Beginning with the construction, there are a few minute changes between the two. The Z6 has the upper hand around the back, with another magnesium alloy panel used; the Z5 uses a plastic panel on the re instead. However, seeing a decent amount of magnesium alloy on an entry-level camera is still good. Both cameras use magnesium alloy panels for the top and front, but the Z6 has the upper hand around the back, with another magnesium alloy panel used. The weather resistance of the Z5 is comparable to that of the Z6, and the handgrip on both models is generously sized and quite comfortable.

The Z5 does not have a top-plate LCD, which is the primary factor contributing to the Z6’s superior ergonomics compared to the Z5. This is not required equipment, and most mirrorless cameras do not have it. However, it may be helpful for monitoring and altering the exposure settings on the camera.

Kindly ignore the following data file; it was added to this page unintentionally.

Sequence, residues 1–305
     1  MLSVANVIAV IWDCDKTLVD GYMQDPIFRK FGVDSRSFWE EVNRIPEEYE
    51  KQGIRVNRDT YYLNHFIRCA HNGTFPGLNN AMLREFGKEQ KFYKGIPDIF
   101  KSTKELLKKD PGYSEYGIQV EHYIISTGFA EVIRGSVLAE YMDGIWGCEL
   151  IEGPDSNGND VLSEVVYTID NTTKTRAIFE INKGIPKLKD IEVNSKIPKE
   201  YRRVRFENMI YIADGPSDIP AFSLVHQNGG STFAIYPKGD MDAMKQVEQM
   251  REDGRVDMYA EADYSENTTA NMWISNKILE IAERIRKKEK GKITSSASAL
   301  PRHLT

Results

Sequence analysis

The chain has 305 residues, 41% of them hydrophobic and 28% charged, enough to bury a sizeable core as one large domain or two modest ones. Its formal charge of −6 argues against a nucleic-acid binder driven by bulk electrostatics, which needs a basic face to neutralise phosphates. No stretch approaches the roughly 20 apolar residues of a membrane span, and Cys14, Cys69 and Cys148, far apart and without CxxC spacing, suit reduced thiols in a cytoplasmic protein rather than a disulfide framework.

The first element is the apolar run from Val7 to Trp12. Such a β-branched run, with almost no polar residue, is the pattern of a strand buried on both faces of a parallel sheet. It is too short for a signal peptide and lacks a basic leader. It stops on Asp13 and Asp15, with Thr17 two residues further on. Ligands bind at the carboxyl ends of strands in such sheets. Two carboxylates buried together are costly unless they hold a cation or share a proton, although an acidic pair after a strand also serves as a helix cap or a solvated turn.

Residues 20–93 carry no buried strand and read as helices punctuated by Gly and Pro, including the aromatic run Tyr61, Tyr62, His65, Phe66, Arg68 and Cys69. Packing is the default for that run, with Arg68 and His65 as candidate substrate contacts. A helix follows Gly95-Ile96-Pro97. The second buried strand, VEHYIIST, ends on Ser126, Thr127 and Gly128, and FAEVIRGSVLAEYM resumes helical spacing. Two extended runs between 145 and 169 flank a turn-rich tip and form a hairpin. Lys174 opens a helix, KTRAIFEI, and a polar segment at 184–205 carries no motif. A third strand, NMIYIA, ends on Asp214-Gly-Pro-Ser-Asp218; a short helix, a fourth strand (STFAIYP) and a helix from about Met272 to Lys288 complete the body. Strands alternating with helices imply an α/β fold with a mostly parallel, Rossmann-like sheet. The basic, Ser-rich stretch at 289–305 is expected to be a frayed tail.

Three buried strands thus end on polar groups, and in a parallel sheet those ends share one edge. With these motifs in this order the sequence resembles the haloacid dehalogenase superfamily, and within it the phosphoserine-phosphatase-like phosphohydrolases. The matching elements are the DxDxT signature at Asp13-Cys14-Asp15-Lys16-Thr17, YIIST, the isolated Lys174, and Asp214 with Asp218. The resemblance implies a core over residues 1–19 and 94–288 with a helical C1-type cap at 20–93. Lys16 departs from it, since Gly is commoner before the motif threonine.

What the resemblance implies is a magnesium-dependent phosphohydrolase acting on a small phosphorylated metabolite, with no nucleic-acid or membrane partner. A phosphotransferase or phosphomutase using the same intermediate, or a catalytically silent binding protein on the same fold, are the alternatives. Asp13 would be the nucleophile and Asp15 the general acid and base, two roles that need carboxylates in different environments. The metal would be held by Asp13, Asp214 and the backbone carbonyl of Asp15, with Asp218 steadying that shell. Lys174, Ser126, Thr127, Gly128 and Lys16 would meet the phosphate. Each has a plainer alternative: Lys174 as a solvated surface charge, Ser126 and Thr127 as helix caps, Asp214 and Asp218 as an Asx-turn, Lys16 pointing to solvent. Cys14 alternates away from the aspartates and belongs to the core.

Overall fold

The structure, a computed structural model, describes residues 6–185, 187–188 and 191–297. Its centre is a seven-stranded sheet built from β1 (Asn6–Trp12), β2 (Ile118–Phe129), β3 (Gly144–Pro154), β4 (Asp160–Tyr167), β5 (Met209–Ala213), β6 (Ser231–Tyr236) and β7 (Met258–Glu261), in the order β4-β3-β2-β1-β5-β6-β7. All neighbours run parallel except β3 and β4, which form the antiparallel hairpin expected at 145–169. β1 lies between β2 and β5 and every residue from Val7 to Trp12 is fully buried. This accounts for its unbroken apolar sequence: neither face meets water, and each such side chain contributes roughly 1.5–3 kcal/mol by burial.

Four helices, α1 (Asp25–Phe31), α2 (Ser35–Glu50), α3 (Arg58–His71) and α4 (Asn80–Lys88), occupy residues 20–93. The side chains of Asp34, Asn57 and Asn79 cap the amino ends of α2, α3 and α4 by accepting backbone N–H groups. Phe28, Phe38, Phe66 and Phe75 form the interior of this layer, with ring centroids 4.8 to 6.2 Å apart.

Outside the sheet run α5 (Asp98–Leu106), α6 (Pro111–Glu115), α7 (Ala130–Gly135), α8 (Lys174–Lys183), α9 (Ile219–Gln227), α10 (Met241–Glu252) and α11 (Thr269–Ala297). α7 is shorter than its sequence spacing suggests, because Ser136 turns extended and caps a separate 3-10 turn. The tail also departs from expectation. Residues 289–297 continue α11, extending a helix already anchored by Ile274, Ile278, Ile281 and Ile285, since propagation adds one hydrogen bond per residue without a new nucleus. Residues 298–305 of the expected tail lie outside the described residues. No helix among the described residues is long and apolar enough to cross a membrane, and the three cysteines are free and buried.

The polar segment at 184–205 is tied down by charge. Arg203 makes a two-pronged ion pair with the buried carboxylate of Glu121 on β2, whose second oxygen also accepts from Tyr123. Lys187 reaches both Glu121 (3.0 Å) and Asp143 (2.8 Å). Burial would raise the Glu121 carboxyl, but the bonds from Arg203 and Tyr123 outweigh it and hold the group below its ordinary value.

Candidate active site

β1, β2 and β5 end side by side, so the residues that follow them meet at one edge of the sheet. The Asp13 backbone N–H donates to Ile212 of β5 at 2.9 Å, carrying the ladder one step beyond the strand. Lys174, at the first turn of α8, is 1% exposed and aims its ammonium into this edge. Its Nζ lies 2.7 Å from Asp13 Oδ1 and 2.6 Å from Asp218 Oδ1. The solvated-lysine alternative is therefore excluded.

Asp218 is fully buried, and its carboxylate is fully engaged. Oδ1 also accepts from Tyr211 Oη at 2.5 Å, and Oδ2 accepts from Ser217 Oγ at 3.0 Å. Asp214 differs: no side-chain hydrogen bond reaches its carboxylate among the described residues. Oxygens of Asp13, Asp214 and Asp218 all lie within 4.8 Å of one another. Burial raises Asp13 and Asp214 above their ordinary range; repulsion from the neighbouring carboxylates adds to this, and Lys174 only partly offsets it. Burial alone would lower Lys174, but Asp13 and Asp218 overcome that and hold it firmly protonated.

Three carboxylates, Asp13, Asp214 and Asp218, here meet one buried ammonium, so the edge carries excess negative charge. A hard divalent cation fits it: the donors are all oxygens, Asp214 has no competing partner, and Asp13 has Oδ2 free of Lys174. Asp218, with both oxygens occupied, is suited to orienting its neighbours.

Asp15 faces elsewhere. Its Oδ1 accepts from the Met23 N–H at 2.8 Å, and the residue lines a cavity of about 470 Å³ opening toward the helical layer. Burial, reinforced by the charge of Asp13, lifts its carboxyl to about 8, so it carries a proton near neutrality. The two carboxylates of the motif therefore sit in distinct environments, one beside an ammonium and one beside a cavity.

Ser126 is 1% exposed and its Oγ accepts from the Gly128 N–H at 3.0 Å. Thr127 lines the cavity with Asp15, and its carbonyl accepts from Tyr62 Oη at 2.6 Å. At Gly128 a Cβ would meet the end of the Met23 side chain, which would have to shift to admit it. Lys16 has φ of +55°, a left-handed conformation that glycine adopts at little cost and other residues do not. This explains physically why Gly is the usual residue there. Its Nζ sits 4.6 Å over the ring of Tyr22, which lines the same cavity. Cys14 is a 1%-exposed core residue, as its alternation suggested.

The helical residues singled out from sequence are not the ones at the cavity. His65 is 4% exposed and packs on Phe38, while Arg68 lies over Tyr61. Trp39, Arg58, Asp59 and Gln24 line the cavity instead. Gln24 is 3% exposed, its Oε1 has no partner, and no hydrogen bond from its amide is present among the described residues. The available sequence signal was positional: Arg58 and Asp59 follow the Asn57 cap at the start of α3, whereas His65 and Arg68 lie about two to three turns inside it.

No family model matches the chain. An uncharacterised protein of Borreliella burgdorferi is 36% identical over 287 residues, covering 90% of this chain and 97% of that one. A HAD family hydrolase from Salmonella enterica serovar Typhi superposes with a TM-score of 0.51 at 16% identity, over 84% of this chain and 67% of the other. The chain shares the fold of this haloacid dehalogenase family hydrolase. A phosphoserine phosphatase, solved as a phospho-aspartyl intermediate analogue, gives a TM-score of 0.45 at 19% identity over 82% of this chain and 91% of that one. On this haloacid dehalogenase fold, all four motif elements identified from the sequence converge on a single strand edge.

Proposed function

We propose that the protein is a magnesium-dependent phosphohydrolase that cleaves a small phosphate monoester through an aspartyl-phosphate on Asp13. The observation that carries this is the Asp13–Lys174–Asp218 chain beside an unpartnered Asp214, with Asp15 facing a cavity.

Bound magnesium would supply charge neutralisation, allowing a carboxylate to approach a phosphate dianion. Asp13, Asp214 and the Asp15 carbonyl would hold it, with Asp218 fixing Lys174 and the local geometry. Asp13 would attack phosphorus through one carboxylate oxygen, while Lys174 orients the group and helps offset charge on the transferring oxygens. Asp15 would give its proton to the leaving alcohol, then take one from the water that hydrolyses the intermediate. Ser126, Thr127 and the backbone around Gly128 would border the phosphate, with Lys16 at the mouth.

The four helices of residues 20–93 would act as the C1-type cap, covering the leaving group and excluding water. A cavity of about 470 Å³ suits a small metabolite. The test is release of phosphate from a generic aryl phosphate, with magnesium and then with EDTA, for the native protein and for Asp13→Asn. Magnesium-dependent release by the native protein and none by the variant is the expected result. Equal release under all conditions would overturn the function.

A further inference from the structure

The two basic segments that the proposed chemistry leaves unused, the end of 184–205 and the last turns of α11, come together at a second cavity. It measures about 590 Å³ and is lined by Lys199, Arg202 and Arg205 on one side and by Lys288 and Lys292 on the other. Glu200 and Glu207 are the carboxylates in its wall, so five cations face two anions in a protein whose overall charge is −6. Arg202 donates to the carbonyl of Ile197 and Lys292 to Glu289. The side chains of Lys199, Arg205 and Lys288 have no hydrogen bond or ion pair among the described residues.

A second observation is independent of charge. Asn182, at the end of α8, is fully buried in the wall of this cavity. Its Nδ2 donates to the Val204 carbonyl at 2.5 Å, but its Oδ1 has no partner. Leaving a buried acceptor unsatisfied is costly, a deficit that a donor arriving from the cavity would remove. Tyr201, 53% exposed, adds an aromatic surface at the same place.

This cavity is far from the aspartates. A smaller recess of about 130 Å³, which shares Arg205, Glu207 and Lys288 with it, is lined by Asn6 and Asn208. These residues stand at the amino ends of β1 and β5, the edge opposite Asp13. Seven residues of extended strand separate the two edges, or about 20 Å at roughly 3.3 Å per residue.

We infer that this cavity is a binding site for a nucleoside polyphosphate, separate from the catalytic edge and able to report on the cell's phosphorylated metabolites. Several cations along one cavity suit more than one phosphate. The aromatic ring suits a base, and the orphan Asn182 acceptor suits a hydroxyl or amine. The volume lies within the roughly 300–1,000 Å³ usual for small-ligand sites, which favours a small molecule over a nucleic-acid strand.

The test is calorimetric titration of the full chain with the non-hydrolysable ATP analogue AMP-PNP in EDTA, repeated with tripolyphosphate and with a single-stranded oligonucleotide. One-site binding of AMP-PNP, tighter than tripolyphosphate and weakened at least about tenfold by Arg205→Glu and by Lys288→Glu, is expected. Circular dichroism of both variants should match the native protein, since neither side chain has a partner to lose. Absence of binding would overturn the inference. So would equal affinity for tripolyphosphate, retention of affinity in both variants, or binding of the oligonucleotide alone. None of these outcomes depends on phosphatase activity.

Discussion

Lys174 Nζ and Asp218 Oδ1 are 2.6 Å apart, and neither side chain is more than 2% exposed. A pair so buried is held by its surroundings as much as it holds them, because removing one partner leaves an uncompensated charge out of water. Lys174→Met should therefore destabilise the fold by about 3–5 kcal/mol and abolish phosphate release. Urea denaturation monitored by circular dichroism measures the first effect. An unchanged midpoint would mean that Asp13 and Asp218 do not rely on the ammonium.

Because there is no top-plate display, Nikon shifted the position of the mode dial on this camera from the left side of the viewfinder, where it was located on the Z6, to the right side of the viewfinder. Aside from that, the control arrangement is virtually identical to the Z6, a feature that should be praised.

The top and rear of the camera are covered with well-labeled buttons, and the camera’s joystick and sub-selector D-pad make it possible to select the AF region and navigate the menu with relative ease. If you want, you can also operate many of the Z5’s settings via the touchscreen LCD that measures 3.0 inches, and Nikon’s menu system is one of the more accessible interfaces to get a handle on.

Sticking with the LCD, it’s no surprise to see the Z5 employ the same tilt-angle technology as the Z6. Still, photographers should find this a valuable tool for helping them frame low- and high-angle photos. Videographers and vloggers may be upset that the display does not have a variable angle that completely articulates, but videographers and vloggers may also find this to be the case.